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GEOL 331/BSCI 333 Principles of Paleontology

Fall Semester 2020


Death assemblage of the Paleogene oreodont Miniochoerus at the Tate Geological Museum at Casper College

LECTURE: ONLINE
DISCUSSION: Zoom 9:30-10:45 am Eastern Time Tu
LAB: Geology Building (237 GEO) 2106 & 2107 2:00-5:00 pm Th

Instructors: Dr. Thomas R. Holtz, Jr.
Room: Geology Building (237 GEO) 4106
Office Hours (REVISED): Thurs 11:30 am-1 pm, or by appointment
Phone: (301) 405-4084, Email: tholtz@umd.edu

Dr. John W. Merck, Jr.
Room: Geology Building (237 GEO) 1119
Office Hours: Thurs 12-2 pm, or by appointment
Phone: (301) 405-4379, Email: jmerck@umd.edu

Room:


NOTE: It is your responsibility as a student to completely read through and understand this syllabus. If you have questions about it, please contact Drs. Holtz or Merck. You will be held responsible for following all requirements of this syllabus.

Course Description: Life of the geologic past as revealed by the fossil record. Students will examine how the physical remains of organisms and traces of their behavior in incorporated into the geologic record. They will examine how paleontologists to determine geologic ages and ancient environments; evolutionary history and extinctions; and the biology and behavior of extinct organisms.

Learning Outcomes: By the end of the semester, every student should be able to:

Themes: This course examines how scientists study the age, environments, evolution, origin, biology, behavior, and extinction of fossil organisms. Over this time, we will explore several big themes:

Textbook: Donald R. Prothero. 2013. Bringing Fossils to Life. 3rd Edition. Columbia University Press. 671 pp. ISBN 978-0891158930.

Course Organization: Lectures will be provided as Panopto recordings on ELMS. Two lectures (each divided into smaller segments) will be due each week.

Discussion will be held weekly on Zoom at 9:30-10:45 am Tu (Eastern time)

1 lab meeting per week. (NOTE: if the University undergoes another shift to online-only teaching, the labs will become entirely virtual)


Grade:
Item Percentage
Midterm Exam I 15%
Midterm Exam II 15%
Final Exam 15%
Labs 25%
Lab Quizzes 10%
Homework 10%
Student-Generated Questions 5%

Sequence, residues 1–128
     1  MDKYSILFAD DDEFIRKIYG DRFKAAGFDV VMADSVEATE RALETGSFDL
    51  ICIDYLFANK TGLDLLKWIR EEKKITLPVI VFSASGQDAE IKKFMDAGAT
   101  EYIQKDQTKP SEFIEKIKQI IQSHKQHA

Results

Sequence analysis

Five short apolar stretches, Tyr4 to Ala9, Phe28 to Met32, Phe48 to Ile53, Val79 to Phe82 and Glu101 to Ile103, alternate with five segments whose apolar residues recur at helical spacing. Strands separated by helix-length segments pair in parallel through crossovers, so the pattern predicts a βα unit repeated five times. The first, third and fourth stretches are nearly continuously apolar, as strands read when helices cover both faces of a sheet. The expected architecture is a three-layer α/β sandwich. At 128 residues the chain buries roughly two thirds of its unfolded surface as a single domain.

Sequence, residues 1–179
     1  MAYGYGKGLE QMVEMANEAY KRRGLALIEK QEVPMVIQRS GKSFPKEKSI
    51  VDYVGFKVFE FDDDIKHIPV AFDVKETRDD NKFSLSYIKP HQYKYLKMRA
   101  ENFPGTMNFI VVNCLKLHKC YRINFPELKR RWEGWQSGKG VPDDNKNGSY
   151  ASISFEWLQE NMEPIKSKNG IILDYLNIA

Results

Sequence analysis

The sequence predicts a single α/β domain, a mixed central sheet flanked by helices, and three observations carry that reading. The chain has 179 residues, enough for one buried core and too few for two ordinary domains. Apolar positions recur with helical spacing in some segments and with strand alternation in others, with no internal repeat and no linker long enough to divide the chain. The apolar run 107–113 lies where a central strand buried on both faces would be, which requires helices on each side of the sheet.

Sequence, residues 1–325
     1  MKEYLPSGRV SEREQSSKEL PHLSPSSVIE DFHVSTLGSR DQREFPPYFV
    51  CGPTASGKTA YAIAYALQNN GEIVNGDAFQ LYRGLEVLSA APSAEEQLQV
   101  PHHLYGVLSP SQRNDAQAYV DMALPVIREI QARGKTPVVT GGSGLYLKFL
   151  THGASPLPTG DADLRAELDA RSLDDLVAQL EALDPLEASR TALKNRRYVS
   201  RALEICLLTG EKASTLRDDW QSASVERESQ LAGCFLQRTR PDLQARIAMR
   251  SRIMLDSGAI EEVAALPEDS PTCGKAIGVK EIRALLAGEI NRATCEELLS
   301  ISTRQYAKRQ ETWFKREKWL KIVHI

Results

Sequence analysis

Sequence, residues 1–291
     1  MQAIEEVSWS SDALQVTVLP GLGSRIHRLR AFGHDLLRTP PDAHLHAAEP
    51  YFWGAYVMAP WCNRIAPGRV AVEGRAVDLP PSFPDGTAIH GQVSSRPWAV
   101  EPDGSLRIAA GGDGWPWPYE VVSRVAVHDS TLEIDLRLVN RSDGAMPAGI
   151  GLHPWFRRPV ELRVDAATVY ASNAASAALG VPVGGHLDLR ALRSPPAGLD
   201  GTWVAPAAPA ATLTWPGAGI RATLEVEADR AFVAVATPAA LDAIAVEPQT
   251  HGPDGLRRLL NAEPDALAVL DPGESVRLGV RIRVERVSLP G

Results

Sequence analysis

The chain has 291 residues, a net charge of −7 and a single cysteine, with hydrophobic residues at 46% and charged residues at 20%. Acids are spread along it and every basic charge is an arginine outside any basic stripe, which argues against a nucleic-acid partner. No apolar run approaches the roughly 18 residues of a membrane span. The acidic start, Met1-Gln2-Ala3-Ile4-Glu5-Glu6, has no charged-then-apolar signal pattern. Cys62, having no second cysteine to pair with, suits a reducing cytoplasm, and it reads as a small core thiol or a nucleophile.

Discussion Participation 5%



Grade Scale: The numbers given represent the thresholds that must be passed in order to reach that grade (for example, A+ is 97.000... and any number greater). There is no rounding for letter grades; the thresholds must be passed. F is any grade below D-. Thresholds: 97, A+; 93, A; 90, A-; 87, B+; 83, B; 80, B-; 77, C+; 73, C; 70, C-; 67, D+; 63, D; 60, D-; < 60, F.

The Final Grade is the algebraic sum based on the numerical grades.

Midterm Exams (15%): Two online exams on September 30-October 2 and October 28-30, respectively. For each of these there will be a section comprised of true/false, matching, multiple choice, and similar type questions, as well as a few short answer questions and an essay. These exams are open-note but timed, and are subject to the University's Honor Pledge; you may not seek help from students or other people in doing these. If you encounter a technical problem, please contact ELMS@umd.edus for help (and Dr. Holtz so that he is aware of your situation.)

Final Exam (15%): Another online final exam, cumulative for the entire course but focuses on the material since the second midterm. Format is similar to the mid-term exams. The exam will be available DECEMBER 16-18.

Labs (25% total): Essentially every week there will be a lab. Labs are due the week after they are assigned, allowing students time to examine specimens over the course of the week if they wish. These will be turned in as ELMS quizzes.

Lab Quizzes (10% total): In order to evaluate your understanding of the anatomy and identity of fossil material, a series of lab quizzes starting in the third week of the course. These will be done on ELMS and will be due on ELMS prior to the beginning of lab time. The lowest lab quiz grade will be automatically dropped.

Homework (10% total): Throughout the course a set of homework projects are assigned to examine your knowledge of the lecture material.

Student-Generated Questions (5%): Every week we will ask you to provide a question, its answer (and in the case of a matching or multiple-choice question, additional incorrect options) from each of the two lectures presented the next week. Creating your own question is an effective way of better understanding the material. These questions will be made available to all. A selection of these will be used in the midterm and final exams.